Minister of Grove Chapel, Camberwell, S. E.
General Secretary of The Sovereign Grace Union.
THIS EXCELLENT WORK of that eminent servant of God, Martin Luther—one of the noble Reformers is acknowledged to be one of the greatest, if not the greatest of Luther's productions. Luther himself considered it his best publication.
I had purposed writing a short account of each of the Opponents—Erasmus and Luther—who come before us in the book, and of the controversy, but from lack of time owing to many calls, and wishing to get the volume into the hands of lovers of Luther as soon as possible, I had to forego this privilege.
I believe I have succeeded in producing the best English edition of this Masterpiece of Luther that has been published. Cole’s translation has been used with slight alterations from Vaughan.
My task has been a difficult one, especially as I am ignorant of the German Language. Luther’s Scriptural quotations are of course in the German Tongue, and as he often seemed to quote them from memory and as no references to verses, and sometimes none to chapters are given, and sometimes the wrong name of the Book is given, English Concordances have been of very little help to me, and often no use at all; yet I trust this edition will prove a success in spite of my handicaps.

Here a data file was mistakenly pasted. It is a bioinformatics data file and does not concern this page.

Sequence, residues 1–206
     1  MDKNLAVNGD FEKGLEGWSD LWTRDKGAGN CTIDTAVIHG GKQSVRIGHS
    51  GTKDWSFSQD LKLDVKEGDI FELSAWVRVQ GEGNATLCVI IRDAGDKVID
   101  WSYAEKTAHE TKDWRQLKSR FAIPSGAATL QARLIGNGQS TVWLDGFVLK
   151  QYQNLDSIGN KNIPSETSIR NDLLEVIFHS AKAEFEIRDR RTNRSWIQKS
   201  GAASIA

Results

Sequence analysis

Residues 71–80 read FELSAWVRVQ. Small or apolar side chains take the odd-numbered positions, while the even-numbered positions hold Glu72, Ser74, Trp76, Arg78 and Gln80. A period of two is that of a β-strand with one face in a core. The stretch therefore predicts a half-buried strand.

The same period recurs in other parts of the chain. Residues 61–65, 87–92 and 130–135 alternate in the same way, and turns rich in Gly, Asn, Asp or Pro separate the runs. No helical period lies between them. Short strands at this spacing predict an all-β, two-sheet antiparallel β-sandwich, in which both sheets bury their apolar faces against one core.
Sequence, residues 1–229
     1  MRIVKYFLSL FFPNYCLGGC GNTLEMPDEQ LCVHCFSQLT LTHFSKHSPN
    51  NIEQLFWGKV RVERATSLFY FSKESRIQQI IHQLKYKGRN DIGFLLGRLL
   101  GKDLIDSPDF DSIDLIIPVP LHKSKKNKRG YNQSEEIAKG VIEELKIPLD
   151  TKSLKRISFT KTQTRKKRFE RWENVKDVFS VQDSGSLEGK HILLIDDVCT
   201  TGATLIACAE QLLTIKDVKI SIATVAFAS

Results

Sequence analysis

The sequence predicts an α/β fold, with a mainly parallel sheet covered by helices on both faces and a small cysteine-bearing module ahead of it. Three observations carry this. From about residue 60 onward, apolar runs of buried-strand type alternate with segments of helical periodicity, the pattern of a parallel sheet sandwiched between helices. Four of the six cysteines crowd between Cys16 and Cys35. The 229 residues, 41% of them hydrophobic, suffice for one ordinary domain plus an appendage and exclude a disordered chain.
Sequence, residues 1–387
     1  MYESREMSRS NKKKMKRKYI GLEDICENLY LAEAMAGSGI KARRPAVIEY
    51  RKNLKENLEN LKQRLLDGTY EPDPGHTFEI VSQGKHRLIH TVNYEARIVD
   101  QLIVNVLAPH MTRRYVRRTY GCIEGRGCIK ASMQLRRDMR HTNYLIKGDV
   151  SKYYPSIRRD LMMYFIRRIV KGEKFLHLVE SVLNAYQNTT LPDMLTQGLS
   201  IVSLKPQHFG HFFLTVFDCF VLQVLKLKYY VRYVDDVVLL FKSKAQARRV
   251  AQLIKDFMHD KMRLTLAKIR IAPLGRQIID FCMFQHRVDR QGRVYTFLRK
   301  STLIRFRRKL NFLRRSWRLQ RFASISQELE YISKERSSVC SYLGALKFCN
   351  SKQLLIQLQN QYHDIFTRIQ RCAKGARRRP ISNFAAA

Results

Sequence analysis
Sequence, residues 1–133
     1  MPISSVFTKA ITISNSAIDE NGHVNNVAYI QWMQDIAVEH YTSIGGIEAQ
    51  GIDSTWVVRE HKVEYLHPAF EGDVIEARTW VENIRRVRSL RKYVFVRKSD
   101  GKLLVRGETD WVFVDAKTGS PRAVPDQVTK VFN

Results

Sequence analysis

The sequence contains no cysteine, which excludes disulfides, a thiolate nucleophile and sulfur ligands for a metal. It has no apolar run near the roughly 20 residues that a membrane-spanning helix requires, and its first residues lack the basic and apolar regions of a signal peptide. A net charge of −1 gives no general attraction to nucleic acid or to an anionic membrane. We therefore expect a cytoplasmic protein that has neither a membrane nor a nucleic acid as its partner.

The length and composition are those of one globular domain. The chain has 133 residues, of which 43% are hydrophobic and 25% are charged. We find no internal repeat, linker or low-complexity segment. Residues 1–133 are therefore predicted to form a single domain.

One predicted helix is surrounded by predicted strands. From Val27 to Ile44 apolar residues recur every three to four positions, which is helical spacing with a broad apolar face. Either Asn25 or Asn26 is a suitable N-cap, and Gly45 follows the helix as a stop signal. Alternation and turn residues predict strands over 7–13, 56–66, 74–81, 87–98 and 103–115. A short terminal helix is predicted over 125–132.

Although Luther used certain words that I should not employ, yet I have adhered faithfully to his own phraseology as translated by Cole. Luther speaks for himself.
This book is most needful at the present day. The teachings of many so-called Protestants are more in accordance with the Dogmas of the Papists, or the ideas of Erasmus, than with the Principles of the Reformers; they are more in harmony with the Canons and Decrees of the Council of Trent than with any Protestant or Reformed Confessions of Faith.
If the Lord should be pleased to open the eyes and understanding of some of these so-called Protestants to whom I have referred—through the perusal of this work of the great Reformer—Luther—enabling them to see that they are at present believing and teaching awful delusions contrary to the Word of God, and the Protestant Reformed Religion, and causing them to return to The Old Paths, the labours of “THE SOVEREIGN GRACE UNION” will not have been in vain.
The labour involved in the preparation of this work for publication in its present form has been enjoyable, although it has often been carried out in much pain, and sometimes during sleepless nights. I rejoice in being able to issue it, and do earnestly pray that the Lord will bless it to the Ingathering of His Elect, and to the maintenance of His Cause and Truth in the days in which our lot has been cast.
Grove Chapel Parsonage,
Camberwell Grove, S.E.S.